Corporate Bylaws: What They Are and Why You Need Them

Rieva Lesonsky

Rieva Lesonsky

Contributor at Fundera
Rieva Lesonsky is a small business contributor for Fundera and CEO of GrowBiz Media, a media company. She has spent 30+ years covering, consulting and speaking to small businesses owners and entrepreneurs.
Rieva Lesonsky

What Are Corporate Bylaws?

Corporate bylaws are rules of a corporation that get established once a business incorporates. One of the first tasks of the board of directors of a new corporation is to establish corporate bylaws. Corporate bylaws essentially write out the operating rules and processes of the day-to-day of your business. Bylaws are most important for board of directors, helping them oversee the work and operation of the business.

The term “corporate bylaws” may sound like legal rigmarole that applies only to giant, multinational corporations—and not to your small business. In reality, however, any business that chooses the legal form of a corporation must create corporate bylaws.

Here’s how corporate bylaws work, and why you might need them for your small business.

Corporate Bylaws: What You Need to Know

Corporate bylaws are a legal document that explains how your business is organized and how it will be operated. Some of the reasons why corporate bylaws could be so important to a new business include:

  • By detailing rules for business operations and defining the duties and responsibilities of the various people involved in your corporation, corporate bylaws help your business run more smoothly on a day-to-day basis.
  • As your business grows, your bylaws can prove invaluable in helping to resolve disagreements. Just for some examples, those bylaws can specify what will happen if one business partner wants to leave the company, if there is a disagreement among members of the corporation, or if a key member of the corporation dies. Referring to the corporate bylaws would eliminate a lot of conflict in such situations.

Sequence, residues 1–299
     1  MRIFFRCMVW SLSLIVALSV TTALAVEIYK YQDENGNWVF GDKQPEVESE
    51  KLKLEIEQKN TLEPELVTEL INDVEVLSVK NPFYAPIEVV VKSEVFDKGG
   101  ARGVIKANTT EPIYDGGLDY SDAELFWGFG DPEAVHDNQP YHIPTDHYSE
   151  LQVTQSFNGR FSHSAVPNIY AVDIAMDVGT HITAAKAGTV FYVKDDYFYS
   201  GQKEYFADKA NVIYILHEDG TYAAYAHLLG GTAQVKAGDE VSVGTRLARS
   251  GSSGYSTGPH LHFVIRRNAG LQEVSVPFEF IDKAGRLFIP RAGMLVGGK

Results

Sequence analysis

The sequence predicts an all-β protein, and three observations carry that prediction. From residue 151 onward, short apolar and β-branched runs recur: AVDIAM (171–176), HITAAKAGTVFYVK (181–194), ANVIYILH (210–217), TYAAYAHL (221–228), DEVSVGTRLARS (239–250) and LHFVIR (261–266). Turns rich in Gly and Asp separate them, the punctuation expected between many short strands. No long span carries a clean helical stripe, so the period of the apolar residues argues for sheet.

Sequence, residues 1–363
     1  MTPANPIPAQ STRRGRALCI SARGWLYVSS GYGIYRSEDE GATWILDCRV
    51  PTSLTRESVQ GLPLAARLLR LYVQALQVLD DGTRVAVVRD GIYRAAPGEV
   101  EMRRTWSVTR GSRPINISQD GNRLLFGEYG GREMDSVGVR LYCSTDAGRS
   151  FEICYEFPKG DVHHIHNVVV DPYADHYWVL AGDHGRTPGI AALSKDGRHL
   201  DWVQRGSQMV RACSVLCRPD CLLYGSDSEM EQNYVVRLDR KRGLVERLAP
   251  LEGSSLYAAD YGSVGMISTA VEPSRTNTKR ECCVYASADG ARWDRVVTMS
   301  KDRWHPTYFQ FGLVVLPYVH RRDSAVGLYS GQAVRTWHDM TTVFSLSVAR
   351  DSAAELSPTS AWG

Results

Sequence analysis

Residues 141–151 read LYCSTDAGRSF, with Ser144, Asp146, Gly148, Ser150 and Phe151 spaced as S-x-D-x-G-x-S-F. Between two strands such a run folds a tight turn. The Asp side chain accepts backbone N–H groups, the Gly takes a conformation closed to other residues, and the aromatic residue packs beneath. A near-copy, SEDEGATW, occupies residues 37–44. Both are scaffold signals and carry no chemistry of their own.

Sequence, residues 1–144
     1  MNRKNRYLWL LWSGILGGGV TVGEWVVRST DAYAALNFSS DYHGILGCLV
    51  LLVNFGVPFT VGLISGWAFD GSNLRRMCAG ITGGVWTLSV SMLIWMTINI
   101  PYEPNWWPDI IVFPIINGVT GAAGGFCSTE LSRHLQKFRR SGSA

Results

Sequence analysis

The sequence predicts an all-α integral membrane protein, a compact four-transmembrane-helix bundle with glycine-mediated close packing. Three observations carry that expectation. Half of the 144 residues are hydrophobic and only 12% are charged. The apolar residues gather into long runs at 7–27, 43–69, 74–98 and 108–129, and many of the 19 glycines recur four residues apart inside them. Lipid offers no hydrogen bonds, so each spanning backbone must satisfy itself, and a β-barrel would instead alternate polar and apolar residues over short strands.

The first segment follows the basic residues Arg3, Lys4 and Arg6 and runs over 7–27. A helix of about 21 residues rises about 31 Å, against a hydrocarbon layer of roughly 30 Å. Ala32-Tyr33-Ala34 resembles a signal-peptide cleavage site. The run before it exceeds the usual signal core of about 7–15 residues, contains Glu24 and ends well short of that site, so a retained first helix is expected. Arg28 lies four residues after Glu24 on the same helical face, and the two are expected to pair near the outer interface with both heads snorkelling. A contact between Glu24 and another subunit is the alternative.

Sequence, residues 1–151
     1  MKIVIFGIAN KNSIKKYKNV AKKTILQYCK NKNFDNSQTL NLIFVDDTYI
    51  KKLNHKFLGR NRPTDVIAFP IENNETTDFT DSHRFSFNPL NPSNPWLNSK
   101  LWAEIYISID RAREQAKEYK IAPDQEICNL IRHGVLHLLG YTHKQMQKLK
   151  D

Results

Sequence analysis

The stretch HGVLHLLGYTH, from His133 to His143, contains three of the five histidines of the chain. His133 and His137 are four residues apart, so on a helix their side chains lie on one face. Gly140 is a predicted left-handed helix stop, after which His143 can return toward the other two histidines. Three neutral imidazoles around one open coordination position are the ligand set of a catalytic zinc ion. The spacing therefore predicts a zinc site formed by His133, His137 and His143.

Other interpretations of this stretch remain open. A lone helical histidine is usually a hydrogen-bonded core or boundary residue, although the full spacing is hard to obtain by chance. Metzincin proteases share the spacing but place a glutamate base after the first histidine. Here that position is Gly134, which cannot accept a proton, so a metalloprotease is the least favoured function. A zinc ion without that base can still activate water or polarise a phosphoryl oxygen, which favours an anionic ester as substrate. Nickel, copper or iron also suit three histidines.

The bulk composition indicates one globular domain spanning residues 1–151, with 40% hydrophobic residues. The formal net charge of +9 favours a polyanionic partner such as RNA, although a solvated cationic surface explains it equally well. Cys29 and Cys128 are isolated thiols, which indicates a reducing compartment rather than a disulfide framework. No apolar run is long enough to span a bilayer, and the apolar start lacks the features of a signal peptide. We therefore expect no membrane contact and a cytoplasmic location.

• You’ll need to show copies of your corporate bylaws in many situations as you grow your business. For example, you may need to show the bylaws to open a business bank account, to set up a company retirement plan, or to obtain government certification as a minority-owned or women-owned business.

One of the most common situations in which you’d need corporate bylaws is when a small business owner applies for a Small Business Administration loan. SBA loans are essentially the most desirable type of business financing, due to their low interest rates and government-backed guarantees. However, if you don’t have your corporate bylaws ready to include with your SBA loan application, you can seriously delay review and approval of your loan, causing financial difficulties for your business.

  • If your business is ever sued, the plaintiff’s lawyer could try to prove that your company is not a legitimate corporation. This might allow the plaintiff to pierce the corporate veil and attack your personal assets. If your business doesn’t have the proper paperwork required for a corporation—which includes corporate bylaws—you’re putting your assets at risk and voiding much of the reason for incorporating in the first place.

What Corporate Bylaws Include

Corporate bylaws serve as a complementary document to your Articles of Incorporation. One is often confused for the other, in fact. However, the Articles of Incorporation is a very short document—typically only a page—with basic information like the date of incorporation, the number of existing and issued shares, the names of the Board of Directors,  and the names of the members of the corporation. In contrast, the corporate bylaws provide details about how the corporation will operate  on a daily basis, as well as how specific situations will be handled.